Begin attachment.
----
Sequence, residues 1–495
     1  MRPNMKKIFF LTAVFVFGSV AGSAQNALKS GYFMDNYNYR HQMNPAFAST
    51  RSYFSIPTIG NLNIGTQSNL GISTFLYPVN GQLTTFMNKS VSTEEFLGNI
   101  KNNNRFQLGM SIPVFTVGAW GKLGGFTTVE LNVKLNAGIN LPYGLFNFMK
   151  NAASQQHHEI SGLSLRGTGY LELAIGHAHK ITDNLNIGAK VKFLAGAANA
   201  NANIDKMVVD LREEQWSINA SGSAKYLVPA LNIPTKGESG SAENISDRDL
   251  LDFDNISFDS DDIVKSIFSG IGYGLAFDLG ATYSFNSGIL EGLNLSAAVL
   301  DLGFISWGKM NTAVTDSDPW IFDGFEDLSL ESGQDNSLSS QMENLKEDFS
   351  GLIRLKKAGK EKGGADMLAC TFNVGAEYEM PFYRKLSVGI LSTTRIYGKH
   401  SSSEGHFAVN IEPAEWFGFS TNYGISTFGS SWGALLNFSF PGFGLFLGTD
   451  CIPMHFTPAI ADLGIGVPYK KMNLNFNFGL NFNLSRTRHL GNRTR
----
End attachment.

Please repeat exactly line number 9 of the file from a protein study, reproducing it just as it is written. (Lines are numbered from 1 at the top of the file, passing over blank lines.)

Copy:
   351  GLIRLKKAGK EKGGADMLAC TFNVGAEYEM PFYRKLSVGI LSTTRIYGKH